Rare scorpionfish found in Gulf of Mannar

Scorponfish (Scorpaenospsis neglecta)  

Researchers at the Central Marine Fisheries Research Institute (CMFRI) have found a rare fish from Sethukarai coast in the Gulf of Mannar.

Camouflaged within the seagrass meadows, the band-tail scorpionfish (Scorpaenospsis neglecta), well-known for its stinging venomous spines and ability to change colour, was found during an exploratory survey of the seagrass ecosystem.

This was the first time that the particular species was found alive in Indian waters, said a press release.

The fish has the ability to change colour and blend with its surrounding environment to escape from predators and while preying.

“During the underwater survey, this species was first sighted as a coral skeleton.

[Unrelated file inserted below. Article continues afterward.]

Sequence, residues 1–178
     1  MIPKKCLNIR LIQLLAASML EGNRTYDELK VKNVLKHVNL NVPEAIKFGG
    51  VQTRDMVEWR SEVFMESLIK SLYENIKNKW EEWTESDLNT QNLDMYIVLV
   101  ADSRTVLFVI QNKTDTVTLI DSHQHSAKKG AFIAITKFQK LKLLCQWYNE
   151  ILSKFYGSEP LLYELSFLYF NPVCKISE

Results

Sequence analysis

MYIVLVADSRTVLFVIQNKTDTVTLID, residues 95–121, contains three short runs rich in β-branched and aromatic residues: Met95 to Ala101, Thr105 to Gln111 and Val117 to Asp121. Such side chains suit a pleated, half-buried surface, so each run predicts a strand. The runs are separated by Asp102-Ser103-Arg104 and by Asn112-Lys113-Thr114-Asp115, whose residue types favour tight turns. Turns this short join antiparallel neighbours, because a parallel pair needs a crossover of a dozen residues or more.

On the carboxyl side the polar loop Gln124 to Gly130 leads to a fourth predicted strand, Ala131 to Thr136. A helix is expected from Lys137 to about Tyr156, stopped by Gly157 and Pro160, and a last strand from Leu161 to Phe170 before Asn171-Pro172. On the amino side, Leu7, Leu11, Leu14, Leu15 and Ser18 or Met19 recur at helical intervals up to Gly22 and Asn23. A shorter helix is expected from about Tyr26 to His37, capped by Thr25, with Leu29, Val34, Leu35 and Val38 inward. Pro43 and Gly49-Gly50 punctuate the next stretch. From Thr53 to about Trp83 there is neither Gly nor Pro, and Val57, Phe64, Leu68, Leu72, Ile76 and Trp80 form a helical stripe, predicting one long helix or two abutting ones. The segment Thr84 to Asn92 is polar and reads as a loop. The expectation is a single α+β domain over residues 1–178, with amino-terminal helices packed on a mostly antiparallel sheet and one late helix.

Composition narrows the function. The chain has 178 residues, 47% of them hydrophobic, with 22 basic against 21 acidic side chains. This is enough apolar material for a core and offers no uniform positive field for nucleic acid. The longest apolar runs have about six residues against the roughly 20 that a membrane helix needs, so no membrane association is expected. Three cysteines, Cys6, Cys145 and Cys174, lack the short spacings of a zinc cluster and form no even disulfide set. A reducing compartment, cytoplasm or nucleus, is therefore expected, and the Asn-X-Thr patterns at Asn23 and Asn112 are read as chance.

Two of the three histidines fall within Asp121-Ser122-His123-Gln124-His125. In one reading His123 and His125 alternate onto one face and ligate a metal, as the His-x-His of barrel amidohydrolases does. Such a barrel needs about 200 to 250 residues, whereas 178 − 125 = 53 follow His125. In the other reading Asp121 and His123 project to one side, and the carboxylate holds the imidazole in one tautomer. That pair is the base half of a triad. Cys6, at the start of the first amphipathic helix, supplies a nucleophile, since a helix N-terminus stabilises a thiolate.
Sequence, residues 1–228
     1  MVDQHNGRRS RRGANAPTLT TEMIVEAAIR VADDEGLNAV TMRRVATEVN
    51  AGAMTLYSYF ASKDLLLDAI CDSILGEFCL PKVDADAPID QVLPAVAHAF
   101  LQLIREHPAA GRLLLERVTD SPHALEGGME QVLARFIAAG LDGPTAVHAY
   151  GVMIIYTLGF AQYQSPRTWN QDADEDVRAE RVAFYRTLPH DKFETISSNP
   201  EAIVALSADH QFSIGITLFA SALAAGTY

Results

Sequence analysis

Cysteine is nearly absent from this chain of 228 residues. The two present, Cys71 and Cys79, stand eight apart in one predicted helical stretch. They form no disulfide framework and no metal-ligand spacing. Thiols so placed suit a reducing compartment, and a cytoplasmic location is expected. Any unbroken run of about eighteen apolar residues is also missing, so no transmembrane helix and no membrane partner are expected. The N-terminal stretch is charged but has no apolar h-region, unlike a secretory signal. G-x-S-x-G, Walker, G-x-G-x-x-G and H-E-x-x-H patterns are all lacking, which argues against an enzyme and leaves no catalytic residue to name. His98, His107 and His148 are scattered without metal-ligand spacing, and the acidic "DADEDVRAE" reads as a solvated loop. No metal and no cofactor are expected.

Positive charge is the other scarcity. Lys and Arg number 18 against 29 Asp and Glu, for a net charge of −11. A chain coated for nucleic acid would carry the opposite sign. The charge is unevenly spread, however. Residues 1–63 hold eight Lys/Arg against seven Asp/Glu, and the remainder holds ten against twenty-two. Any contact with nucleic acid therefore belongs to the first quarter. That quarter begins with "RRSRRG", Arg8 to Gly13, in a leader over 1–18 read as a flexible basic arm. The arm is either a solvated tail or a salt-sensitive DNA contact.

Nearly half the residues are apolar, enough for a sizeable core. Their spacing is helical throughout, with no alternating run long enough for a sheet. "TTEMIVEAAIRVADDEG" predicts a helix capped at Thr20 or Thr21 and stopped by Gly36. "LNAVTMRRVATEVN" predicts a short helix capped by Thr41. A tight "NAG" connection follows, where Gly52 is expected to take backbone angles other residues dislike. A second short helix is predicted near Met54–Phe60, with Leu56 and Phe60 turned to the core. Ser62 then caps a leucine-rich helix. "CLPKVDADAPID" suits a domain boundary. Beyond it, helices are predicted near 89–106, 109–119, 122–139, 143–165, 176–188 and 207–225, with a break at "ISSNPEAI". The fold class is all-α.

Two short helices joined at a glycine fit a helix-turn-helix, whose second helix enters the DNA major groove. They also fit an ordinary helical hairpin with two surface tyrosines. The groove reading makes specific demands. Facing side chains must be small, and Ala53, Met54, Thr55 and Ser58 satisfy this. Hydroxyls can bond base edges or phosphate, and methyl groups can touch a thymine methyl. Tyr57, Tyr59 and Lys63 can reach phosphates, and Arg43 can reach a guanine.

On first look, its appearance was totally confusing and we doubted if it was a fish or fossilised coral skeleton covered with bivalve shells.

Colour changing

“It started changing when we disturbed it by touching a dead coral fragment. Within four seconds, the skin of the fish changed from white to mottled black colour,” said R. Jeyabaskaran, senior scientist at CMFRI, who led the team of researchers.

The fish is called ‘scorpionfish’ because its spines contain neurotoxic venom.


“When the spines pierce an individual, the venom gets injected immediately and it can be extremely painful,” Mr. Jeyabaskaran said, adding that eating the fish would lead to death.

The specimen has been deposited in the National Marine Biodiversity Museum of the CMFRI. The research work was published in the latest issue of the journal Current Science.

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Printable version | Oct 24, 2021 1:33:19 AM |

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